This two-part series examines trends and techniques in materials development and fabrication. This second installation focuses on technological advances that are likely to affect the structural properties and manufacture of in-shoe foot orthoses.
By Cary Groner
Advances in plastics and materials science have significantly advanced the design and manufacture of foot orthoses over the past couple of decades, but new compounds and fabrication methods have the potential to transform the field, according to experts. Novel composites and hybrid plastics will offer lighter, stronger, and more customizable devices, and the way these orthoses are built means some materials popular today will become obsolete, replaced by others invented specifically for use with new manufacturing techniques.
Practitioners and fabricators already have a dizzying array of materials at their disposal, including thermoplastic polyolefins (polypropylene, polyethylene, and copolymer combinations of them); polyethylene foams (e.g., Plastazote, Nickelplast); open-cell polyurethane foam (Poron); ethylene vinyl acetate (EVA); closed-cell neoprene foam (Spenco); thermoset carbon-fiber composites; new compounds that put layers of carbon fiber between polyolefins (e.g., continuous-fiber thermoplastic); and others, such as natural and artificial cork.1
Which of these a practitioner uses, and in what combinations, depends on individual preference and on the needs of the patient.
“It’s critical to understand how these different materials work,” said Kevin Kirby, DPM, an adjunct associate professor at the California School of Podiatric Medicine at Samuel Merritt College in Oakland. “Some resist compression but have very little torsional stiffness; that class is called shank-dependent and includes the various foam products. Shank-independent materials, by contrast, have their own internal rigidity, so they can act independently of the shoe shank to resist deformation from the foot.” That category, Kirby explained, includes thermoplastics and carbon composites.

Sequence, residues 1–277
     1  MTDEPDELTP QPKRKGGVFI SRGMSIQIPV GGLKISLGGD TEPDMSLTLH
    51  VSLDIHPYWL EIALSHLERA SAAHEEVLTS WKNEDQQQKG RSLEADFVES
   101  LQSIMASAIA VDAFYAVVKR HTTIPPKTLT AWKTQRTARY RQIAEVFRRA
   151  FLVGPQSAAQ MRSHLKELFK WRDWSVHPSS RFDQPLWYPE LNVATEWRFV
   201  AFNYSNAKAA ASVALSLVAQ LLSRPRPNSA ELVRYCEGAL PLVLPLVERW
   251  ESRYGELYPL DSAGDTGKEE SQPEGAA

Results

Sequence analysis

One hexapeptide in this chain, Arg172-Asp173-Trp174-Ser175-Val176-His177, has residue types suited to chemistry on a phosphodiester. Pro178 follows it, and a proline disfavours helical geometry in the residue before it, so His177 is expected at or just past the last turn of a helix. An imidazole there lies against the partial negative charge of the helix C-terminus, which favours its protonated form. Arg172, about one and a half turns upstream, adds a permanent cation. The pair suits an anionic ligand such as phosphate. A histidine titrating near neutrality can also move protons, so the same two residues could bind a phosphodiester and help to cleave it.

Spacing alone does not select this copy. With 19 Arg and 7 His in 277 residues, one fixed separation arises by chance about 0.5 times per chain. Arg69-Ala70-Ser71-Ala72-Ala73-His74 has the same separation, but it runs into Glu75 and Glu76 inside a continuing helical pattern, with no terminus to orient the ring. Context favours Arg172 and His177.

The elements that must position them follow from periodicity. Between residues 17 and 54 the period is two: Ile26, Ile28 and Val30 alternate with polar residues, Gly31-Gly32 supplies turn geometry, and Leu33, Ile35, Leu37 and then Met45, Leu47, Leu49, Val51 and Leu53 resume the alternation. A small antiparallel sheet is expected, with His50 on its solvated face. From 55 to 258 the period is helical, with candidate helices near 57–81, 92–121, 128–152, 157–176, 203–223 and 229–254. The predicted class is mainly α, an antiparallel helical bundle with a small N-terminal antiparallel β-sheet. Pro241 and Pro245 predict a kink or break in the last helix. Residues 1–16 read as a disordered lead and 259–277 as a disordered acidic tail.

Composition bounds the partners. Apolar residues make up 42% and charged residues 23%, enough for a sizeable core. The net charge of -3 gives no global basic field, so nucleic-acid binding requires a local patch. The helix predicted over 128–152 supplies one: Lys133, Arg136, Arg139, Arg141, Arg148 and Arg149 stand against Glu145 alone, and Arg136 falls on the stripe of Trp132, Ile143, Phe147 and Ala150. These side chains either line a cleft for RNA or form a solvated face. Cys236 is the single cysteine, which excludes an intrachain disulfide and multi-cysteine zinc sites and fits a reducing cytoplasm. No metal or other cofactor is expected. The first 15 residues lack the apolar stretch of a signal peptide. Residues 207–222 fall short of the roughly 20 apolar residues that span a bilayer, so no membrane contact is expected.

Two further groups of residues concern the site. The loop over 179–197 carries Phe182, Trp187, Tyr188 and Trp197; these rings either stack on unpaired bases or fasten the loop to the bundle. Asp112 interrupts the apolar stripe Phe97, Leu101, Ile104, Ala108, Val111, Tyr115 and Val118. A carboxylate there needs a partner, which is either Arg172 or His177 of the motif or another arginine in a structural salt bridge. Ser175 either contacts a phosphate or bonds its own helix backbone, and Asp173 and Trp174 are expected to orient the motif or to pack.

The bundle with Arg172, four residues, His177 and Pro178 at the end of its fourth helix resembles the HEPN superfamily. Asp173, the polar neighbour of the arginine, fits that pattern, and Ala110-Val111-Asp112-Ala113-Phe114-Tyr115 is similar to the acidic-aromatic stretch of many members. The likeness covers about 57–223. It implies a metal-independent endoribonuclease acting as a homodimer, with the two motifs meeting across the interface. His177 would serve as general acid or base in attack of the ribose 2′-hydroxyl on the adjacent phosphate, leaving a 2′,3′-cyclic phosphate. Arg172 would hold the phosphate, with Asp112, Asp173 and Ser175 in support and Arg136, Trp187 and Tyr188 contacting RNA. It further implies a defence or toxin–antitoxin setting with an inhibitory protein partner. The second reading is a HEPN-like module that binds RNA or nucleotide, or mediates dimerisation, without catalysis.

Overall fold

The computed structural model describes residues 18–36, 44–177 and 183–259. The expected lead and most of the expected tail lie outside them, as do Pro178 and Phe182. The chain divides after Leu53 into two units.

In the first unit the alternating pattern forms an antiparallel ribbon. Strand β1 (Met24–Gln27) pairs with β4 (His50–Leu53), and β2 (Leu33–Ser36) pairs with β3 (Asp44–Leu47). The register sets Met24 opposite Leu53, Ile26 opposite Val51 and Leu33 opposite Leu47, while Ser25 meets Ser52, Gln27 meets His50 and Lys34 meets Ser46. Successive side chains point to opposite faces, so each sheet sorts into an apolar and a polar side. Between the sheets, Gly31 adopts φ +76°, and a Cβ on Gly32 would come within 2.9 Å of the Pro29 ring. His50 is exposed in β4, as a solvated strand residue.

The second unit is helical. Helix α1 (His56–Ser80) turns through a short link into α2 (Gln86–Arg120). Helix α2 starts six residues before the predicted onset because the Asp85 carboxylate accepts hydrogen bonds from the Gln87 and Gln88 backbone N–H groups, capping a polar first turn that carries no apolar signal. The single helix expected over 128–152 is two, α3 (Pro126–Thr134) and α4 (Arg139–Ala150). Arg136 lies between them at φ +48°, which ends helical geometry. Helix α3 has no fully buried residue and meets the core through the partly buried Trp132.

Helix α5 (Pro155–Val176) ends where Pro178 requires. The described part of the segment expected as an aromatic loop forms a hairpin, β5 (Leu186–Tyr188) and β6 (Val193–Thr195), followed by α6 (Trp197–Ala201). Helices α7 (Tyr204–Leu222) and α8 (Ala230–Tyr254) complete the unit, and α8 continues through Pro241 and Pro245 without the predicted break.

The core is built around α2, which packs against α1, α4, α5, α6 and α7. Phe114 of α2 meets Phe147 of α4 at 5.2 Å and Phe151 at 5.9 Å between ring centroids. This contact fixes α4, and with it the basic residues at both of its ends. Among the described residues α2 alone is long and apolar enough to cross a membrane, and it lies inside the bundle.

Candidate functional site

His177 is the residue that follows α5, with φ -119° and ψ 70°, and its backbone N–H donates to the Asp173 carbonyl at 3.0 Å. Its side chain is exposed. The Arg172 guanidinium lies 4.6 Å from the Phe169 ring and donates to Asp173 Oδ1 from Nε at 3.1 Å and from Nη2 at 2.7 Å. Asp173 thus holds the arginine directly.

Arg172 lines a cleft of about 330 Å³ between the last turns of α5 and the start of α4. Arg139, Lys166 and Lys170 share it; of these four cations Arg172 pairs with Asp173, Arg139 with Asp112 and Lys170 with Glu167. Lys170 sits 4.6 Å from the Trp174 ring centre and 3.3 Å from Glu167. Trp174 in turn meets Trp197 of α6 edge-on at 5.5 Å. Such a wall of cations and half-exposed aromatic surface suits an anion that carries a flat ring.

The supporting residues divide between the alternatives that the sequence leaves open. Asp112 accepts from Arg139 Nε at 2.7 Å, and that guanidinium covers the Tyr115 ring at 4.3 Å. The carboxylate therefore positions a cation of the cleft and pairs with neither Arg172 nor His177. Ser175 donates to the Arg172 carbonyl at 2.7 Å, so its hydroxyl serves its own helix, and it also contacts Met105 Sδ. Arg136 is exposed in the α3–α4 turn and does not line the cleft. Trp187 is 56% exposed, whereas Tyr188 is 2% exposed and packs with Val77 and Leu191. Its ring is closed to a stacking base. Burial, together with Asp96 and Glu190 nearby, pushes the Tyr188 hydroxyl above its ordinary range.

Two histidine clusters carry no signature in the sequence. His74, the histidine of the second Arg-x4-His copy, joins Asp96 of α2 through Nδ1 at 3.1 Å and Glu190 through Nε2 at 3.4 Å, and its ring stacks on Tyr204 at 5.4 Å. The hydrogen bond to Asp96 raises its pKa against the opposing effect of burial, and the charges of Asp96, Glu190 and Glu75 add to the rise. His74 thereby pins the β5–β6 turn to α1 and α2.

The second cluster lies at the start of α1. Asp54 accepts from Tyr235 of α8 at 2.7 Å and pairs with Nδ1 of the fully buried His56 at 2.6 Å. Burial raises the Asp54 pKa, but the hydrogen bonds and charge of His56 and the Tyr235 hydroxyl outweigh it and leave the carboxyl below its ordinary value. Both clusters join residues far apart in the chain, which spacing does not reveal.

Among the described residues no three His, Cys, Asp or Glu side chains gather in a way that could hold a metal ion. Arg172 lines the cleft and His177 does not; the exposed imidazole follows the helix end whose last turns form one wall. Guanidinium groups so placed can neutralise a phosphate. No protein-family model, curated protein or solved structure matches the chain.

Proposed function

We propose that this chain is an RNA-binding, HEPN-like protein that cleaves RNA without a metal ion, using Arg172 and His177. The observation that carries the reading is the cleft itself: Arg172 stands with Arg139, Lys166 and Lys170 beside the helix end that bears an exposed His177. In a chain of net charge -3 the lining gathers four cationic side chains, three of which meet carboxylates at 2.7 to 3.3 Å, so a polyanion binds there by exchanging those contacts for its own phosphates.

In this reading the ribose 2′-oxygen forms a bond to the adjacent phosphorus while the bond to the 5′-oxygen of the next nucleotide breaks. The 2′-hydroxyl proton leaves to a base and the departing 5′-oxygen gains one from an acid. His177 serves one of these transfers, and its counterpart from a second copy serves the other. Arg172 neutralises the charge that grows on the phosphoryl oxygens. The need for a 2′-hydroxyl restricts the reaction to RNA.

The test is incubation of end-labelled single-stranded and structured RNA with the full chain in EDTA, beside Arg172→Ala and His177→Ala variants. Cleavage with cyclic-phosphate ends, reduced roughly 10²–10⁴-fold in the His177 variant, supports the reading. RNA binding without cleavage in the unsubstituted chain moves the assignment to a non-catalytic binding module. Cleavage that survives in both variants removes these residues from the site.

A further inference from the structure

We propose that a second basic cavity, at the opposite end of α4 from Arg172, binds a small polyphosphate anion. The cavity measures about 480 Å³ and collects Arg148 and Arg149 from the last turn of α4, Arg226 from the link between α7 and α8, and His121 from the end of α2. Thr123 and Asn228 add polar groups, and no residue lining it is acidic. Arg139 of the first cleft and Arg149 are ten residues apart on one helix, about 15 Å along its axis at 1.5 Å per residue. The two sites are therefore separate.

The two shank tribes associate closely with each other, of course. The independents need the dependents, as it were, because polypropylene and composite orthoses usually require something softer on top for comfort. Shank-dependent materials, how- ever, are typically used alone, and are in full contact with the bottom of the shoe, unlike harder materials.
“Softer materials like EVA, Poron, and polyurethane rely on sitting on the shoe bed, whereas carbon fiber and thermoplastics will generally contact the shoe only under the heel segment and at the distal end,” explained Simon Spooner, PhD, a podiatrist in Plymouth, England.
Durometer vs density
One striking characteristic of modern foam products is the extraordinary compression resistance (durometer) that can be achieved with so little weight. Durometer and density are different, however, and gains in lightness can mean losses in durability.
For example, Susan Rawles, CPed, orthotics production manager at Shu-Re-Nu in Atlanta, told LER she’s in the process of switching from Chinese to German EVA due to density issues.
“Density is more important than durometer,” Rawles said. “Chinese EVA has a lot more air blown into it than German EVA, and, when I mill both products, I can feel the difference in density even though the durometer is the same.”
German EVA also handles a lot more compression, according to Rawles.
“If you put a 120-pound woman on the Chinese EVA, it may last two or three years, but if you put on a 250-pound man, it’s bottoming out,” she said.
She added that consistency is a problem with Chinese foam.